This is a simple tutorial which will hopefully be a good introduction to anyone new to Inkscape, although it does assume some familiarity with the more common Inkscape tools. Although a neon sign can be made in other software such as Gimp, one of the advantages of using Inkscape is that you do not have to decide the final size of the image until you have completed what you are doing, as we will see.
Creating The Neon Sign
1/ Open Inkscape and resize it to fit your screen. Press '5' so that the page area fits the Inkscape window.
2/ Select the text tool to the left of the window (F8) and type the text for your neon sign.
3/ From the Command Bar select the Font tool ( Shift >Ctrl >T) to choose the font for your sign and the font size. From the window that opens (see image above) select the font and font size you want to use.
The font selected for this tutorial is called Neon 80s that I downloaded from Fontspace, a website with a good selection of free fonts.
After you have decided on your font and font size click Apply.
4/ Choose the colour for your font from the palette at the bottom of the Inkscape window. Then hit Ctrl>D to make a copy of the text object.
5/ The copy of the text object will be above the original, and we are going to use this copy to create the highlights of the neon sign. We do this by first changing the colour to white, then selecting Ctrl>Shift>( which will inset the text.
To get the highlight looking just right you may need to hit Ctrl>Shift>( a few times. Be careful however not do this too many times because the result will become unpredictable and you will need to restart this step.
6/ Once you are happy with the highlight bring up the Stroke and Fill panel by hitting Shift>Ctrl>F. Now using the slider add a little blur to make the highlight more realistic, (see image above).
7/ The text of a neon sign appears to glow, so we will create this effect by adding another copy of the original text object and then, instead of using the Inset tool (Ctrl>Shift>( ), we will use the outset tool.
8/ To make a copy of the original text object make sure it is selected and then hit Ctrl>D. You may need to zoom in to make sure you have the right object selected.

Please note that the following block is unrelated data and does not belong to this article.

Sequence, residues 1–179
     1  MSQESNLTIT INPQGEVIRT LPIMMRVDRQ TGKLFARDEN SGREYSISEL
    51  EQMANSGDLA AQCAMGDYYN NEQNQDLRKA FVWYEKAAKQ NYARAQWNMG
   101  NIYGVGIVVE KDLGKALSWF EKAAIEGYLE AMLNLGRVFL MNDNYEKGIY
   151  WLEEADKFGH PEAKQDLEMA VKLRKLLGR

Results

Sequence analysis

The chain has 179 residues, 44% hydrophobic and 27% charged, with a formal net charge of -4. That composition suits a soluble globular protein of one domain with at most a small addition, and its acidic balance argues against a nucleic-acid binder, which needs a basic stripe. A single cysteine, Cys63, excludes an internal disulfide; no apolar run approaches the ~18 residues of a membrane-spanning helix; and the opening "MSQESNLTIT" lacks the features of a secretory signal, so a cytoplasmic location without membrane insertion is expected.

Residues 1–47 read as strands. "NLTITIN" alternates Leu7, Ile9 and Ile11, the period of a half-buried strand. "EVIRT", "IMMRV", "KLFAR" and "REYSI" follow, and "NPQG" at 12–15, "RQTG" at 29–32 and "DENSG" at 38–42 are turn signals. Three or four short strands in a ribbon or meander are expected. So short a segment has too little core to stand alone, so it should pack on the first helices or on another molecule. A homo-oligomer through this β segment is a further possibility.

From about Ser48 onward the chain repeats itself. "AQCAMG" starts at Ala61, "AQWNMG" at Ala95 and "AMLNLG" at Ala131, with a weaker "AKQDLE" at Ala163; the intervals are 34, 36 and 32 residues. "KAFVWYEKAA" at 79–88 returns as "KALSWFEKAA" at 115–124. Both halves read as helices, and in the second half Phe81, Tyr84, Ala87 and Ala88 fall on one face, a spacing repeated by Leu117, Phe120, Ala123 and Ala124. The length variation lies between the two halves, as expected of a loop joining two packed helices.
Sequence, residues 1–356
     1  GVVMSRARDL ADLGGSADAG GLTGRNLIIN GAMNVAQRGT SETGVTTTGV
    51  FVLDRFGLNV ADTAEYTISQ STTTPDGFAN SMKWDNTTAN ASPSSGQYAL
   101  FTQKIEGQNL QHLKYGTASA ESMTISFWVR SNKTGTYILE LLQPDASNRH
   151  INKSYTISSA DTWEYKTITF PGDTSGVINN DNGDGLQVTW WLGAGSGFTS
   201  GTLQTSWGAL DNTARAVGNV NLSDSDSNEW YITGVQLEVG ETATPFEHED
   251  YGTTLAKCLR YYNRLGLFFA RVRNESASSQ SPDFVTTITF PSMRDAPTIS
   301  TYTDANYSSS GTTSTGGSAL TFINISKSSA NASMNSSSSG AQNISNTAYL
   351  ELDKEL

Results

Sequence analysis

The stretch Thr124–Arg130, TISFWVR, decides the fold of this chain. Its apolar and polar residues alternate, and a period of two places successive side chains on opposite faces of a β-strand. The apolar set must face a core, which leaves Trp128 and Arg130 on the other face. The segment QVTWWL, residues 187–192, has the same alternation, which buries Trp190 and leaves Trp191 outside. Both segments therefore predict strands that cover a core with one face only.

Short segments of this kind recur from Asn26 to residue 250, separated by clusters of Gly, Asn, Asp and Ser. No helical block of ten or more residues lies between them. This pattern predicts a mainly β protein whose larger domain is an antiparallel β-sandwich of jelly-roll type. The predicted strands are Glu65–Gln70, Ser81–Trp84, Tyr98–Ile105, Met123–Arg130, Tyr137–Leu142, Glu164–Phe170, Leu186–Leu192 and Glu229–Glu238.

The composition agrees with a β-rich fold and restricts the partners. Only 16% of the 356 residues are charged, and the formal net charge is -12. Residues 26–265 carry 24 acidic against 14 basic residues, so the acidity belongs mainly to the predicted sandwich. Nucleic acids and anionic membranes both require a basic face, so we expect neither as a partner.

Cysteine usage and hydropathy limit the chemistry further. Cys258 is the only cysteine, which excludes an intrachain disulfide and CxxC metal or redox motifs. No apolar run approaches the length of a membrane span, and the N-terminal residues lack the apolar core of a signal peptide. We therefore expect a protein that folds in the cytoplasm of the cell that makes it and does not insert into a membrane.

9/ Send the copy to the back of the other objects by hitting the Page Down key a few times. Now use the outset tool to expand the object by hitting Ctrl>Shift>) a few times, until you are happy with the appearance of the object, (see image above).
10/ Hit Shift>Ctrl>F to bring up the Fill and Stroke panel again, and use the blur slider to make the object seem like the glow of the text layer. In the example here a blur of around 5 was used.
11/ All the neon sign needs now is a background, so select the box tool from the Toolbox to the left of the Inkscape window (or hit F4), and drag your cursor over the neon text until you have a size that suits you.
Give it a black fill, then send it to the back of the objects by hitting the Page Down key a few times. The neon sign is now complete, and we just need to export it as a bitmap.
Exporting the Neon Sign
To export the neon sign, select File>Export (or Shift>Ctrl>E) and in the window that opens you will see you can choose the size of the image to be exported, see image above). Once you have chosen the size for your image hit the Export button.
If your sign is to be used in Second Life, all you need to do now is upload the image and add it to a prim. The above image shows the sign created here placed in my gallery close to the cinema, which I hope shows how effective Inkscape can be in creating neon signs, particularly when used in Second Life.